As I have noted before, digital humanities is the merging of two areas of inquiry/activity that were once fairly distinct, humanities computing (also sometimes known as computational humanities) and digital media production. How and why the two got merged remains a larger history for someone else to unfold, but the folding appears to have occurred because they both take advantage of the immense processing powers of computers as both analytical devices, media production tools, and publishing platforms. A recent post on _The Humanist_ by Sheffield University for their biennial Digital Humanities Congress has a nice formulation of all this:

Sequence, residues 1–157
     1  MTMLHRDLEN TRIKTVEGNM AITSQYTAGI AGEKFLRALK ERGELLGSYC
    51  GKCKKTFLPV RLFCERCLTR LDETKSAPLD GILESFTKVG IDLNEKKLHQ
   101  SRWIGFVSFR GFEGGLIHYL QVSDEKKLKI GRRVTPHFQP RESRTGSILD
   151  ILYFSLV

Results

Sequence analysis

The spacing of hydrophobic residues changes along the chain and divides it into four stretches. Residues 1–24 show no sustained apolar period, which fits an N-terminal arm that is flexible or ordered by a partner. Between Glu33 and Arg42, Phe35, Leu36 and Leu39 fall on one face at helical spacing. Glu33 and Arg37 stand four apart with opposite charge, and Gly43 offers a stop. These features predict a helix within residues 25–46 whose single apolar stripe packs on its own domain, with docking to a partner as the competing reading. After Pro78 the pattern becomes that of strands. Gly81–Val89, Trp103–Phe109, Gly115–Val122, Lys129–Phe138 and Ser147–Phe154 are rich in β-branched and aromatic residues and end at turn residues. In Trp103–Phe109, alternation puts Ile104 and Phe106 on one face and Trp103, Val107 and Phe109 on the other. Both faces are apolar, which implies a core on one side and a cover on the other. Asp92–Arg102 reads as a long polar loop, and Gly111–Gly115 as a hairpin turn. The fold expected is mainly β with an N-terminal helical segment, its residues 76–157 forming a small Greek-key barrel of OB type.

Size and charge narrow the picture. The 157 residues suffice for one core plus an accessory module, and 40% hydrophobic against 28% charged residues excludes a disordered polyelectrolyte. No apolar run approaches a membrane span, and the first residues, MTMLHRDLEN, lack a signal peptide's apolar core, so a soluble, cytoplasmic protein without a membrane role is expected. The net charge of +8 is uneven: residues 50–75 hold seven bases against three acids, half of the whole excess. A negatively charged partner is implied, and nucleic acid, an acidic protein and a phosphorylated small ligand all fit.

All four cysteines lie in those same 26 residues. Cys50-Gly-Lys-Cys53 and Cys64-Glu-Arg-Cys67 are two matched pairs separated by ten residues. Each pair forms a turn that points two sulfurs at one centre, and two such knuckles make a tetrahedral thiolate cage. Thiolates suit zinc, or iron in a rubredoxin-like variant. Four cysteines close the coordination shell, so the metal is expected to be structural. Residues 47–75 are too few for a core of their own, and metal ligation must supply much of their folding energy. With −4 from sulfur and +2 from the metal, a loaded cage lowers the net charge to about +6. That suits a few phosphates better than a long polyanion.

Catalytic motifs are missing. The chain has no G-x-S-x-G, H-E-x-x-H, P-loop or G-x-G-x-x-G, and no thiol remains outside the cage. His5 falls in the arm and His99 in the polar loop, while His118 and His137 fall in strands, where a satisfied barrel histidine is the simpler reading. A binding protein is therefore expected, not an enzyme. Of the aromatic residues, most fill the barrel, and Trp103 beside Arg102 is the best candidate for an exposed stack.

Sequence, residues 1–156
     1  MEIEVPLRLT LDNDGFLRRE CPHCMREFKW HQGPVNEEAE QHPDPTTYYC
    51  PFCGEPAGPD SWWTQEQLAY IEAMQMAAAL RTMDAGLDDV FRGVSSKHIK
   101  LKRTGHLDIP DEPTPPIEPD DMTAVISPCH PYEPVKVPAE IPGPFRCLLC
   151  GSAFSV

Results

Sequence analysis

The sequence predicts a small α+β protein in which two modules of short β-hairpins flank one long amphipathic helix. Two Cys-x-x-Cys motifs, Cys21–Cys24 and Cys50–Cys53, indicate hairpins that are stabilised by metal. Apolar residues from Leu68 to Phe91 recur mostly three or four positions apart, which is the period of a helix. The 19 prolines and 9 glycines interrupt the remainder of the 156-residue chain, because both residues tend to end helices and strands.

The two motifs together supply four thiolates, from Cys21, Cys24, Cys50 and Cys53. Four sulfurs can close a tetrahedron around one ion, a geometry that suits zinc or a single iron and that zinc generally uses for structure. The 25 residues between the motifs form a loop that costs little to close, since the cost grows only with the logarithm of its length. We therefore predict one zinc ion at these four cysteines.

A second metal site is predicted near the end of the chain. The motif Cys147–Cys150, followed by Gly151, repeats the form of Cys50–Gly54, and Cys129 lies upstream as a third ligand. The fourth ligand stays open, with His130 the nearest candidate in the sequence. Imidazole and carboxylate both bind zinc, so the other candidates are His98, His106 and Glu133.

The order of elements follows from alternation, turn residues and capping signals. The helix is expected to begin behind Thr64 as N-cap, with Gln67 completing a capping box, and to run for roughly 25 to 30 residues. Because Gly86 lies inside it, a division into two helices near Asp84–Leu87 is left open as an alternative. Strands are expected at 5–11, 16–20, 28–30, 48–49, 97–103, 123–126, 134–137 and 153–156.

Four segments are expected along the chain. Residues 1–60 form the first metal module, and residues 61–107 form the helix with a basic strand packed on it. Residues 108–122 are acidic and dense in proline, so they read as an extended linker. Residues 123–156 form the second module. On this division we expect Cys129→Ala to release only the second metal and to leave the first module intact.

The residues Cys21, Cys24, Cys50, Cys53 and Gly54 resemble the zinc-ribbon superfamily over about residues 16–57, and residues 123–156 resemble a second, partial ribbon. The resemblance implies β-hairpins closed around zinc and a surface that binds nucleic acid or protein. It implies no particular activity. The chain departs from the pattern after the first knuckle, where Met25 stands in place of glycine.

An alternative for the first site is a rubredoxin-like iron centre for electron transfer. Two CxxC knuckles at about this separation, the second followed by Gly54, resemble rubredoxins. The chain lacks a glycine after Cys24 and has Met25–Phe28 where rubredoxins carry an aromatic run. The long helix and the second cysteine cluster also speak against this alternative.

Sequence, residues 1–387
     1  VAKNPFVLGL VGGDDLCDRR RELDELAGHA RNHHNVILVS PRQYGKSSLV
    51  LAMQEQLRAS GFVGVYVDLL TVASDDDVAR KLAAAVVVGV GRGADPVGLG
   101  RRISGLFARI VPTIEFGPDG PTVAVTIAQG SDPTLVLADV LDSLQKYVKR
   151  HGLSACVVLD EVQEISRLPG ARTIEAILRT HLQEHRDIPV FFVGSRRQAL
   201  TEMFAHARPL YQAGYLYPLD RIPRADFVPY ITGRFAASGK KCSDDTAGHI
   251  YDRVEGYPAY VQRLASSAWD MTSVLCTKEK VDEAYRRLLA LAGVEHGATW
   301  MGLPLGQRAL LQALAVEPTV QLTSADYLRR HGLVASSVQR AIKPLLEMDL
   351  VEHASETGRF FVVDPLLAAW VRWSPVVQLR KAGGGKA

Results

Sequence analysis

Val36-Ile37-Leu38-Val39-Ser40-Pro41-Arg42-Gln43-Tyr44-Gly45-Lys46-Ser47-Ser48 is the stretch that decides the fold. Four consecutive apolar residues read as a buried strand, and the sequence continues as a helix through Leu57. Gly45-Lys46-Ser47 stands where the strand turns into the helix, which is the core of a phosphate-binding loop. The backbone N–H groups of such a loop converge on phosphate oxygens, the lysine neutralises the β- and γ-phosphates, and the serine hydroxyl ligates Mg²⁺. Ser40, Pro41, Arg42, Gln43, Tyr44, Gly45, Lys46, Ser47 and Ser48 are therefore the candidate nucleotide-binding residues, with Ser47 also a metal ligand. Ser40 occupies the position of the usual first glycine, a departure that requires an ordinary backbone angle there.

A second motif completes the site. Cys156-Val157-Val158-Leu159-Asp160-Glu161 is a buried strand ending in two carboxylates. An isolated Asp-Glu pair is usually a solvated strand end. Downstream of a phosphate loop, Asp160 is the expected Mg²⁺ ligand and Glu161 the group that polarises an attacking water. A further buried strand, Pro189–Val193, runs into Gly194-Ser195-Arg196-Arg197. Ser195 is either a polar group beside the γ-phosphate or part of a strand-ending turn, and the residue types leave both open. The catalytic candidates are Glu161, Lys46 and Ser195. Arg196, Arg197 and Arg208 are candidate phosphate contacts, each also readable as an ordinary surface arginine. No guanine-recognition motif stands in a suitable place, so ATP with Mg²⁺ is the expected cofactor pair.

> Digital humanities is understood to mean the use of technology
within arts, heritage and humanities research as both a method of inquiry
and a means of dissemination. As such, proposals related to all disciplines
within the arts, humanities and heritage domains are welcome.
_The Humanist_ on-line seminar/mailing list archive is [here](http://www.digitalhumanities.org/humanist/Archives/Current/Humanist.vol25.txt).